428926 Achieving a More Sustainable Process Design for the Production of Methanol

Monday, November 9, 2015
Exhibit Hall 1 (Salt Palace Convention Center)
Cristina Calvera Plaza and Marta Gonzalez Garcia, Technical University of Denmark, Copenhagen, Denmark

Achieving a More Sustainable Process Design for the Production of Methanol

Cristina Calvera Plaza, Marta Gonzalez Garcia, Ana Diez Callau, Emmanouil Papadakis*

Department of Chemical and Biochemical Engineering

Technical University of Denmark, DK-2800 Lyngby, Denmark


Methanol is an important chemical product because it can be used as a raw material for the production of other chemicals (1), for example dimethyl carbonate, formaldehyde and methyl tert-butyl ether and it is also one of the most produced bulk chemicals with an annual global production of 100 million metric tonnes per year (1). Methanol can be produced using different reaction paths, for example natural gas. If natural gas is used for methanol production then CO2 is produced, utilized and can be emitted. Therefore, achieving a more sustainable design for the production of methanol is beneficial in order to reduce the process CO2 carbon footprint.

Using a 12 step, systematic task-based approach for achieving sustainable process design, a process for the production of methanol with an annual production of 300,000 metric tonnes of methanol per year with minimum CO2  emissions is analysed and designed. The reaction path chosen for the production of methanol utilizes CO2 as raw material. The reactions are as follows:

The process description that uses the above reactions is explained. The first outlet stream from the reaction system is a multi-component mixture that consists of methanol, water and unreacted gases. First, the gases are separated using a flash and recycled to the reactor. Second, the methanol is purified using two distillation columns. In the first distillation, light components are separated and in the second one the water. This design is analysed for improvements and is referred to as the base case design.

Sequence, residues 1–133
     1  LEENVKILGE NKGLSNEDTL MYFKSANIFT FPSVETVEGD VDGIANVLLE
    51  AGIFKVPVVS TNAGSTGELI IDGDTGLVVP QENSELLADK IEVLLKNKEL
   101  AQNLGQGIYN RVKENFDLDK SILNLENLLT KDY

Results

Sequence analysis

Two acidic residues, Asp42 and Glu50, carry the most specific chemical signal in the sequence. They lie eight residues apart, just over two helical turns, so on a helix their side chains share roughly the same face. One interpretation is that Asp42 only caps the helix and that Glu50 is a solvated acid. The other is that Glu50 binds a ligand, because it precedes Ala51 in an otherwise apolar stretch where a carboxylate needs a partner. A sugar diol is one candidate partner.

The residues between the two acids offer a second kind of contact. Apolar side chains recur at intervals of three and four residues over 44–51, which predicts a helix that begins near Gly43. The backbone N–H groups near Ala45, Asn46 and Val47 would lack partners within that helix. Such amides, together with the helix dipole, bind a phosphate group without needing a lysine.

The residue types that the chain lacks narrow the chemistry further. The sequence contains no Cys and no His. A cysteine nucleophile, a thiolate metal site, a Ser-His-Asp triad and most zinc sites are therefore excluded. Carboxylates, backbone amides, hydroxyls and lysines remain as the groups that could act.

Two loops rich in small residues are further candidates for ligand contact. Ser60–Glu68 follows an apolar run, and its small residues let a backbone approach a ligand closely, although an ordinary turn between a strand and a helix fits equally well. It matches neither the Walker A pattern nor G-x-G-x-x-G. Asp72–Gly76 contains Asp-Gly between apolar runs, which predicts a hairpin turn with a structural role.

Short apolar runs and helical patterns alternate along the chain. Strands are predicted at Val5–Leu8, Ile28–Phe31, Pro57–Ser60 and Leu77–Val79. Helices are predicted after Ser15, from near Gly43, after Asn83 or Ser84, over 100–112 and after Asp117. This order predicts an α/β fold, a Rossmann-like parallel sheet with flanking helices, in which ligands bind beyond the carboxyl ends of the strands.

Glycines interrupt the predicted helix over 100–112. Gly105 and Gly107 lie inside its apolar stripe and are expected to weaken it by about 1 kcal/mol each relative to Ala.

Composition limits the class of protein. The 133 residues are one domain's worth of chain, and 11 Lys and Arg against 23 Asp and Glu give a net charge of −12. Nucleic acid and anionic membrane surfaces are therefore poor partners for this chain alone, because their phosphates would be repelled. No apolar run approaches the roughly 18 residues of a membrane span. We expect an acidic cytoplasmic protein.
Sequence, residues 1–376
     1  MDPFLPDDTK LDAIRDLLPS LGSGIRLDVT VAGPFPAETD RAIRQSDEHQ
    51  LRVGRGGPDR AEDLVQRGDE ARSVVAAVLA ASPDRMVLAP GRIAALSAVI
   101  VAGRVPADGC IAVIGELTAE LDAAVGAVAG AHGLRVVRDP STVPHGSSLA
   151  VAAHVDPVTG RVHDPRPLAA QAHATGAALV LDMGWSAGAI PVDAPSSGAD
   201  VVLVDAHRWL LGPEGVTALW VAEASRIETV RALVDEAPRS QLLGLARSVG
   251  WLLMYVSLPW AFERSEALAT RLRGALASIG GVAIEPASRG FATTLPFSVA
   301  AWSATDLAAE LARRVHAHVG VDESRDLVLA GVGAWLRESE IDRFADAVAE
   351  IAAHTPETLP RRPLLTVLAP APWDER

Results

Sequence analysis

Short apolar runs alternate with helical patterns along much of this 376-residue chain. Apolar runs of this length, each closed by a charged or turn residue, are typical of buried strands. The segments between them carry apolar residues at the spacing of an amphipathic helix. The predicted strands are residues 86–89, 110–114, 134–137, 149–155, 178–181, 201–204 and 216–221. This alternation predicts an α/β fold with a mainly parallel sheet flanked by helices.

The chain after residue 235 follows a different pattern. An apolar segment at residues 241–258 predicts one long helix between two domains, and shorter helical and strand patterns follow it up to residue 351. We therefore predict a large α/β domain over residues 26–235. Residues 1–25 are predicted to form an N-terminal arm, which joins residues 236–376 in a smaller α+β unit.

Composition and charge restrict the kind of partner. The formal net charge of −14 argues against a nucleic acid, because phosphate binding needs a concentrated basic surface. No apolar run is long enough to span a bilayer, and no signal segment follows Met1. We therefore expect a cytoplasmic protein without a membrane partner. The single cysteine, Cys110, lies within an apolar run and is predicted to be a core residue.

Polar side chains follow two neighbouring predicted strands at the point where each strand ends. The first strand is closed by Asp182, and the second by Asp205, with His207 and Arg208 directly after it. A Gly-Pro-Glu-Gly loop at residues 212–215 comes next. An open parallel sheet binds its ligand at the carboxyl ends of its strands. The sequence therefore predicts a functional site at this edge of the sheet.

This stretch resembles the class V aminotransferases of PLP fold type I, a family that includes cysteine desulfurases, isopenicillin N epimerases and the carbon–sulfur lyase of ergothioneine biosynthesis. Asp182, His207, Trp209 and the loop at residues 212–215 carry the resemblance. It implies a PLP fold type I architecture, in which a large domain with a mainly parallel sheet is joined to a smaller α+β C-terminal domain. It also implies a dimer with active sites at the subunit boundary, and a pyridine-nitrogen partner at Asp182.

The analysis consists of two parts, first an economic analysis and second, a sustainability analysis. The economic analysis provides the information in order to identify targets for improvement related to heat integration and process optimization, while the sustainability analysis (2) provides information for identification of (design) targets for achieving sustainable design, that is, for example, reduction in carbon footprint and LCA factors (global warming potential, toxicity, etc.) (3). The sustainability analysis consists of a sustainability and LCA analysis.

In this poster, the 12 task-based method for achieving (sustainable) process design will be presented and its application will be highlighted through the application of the production of methanol. The input and output related to each step will be presented.


1. Methanex Corporation: The Power of Agility. [on line] http://www.methanex.com.

2. SustainPro- A tool for systematic process analysis, generation and evaluation of sustainable design alternatives. Carvalho, A., Matos, H.A. y Gani, R. 8-27, s.l. : Computers & Chemical Engineering, 2013, Vol. 50.

3. Integration of life cycle assessment software with tools for economic and sustainability analyses and process simulation for sustainable process design. Kalakul, S., y otros. 98-109, s.l. : Journal of Cleaner Production, 2014, Vol. 71.

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See more of this Session: Interactive Session: Systems and Process Design
See more of this Group/Topical: Computing and Systems Technology Division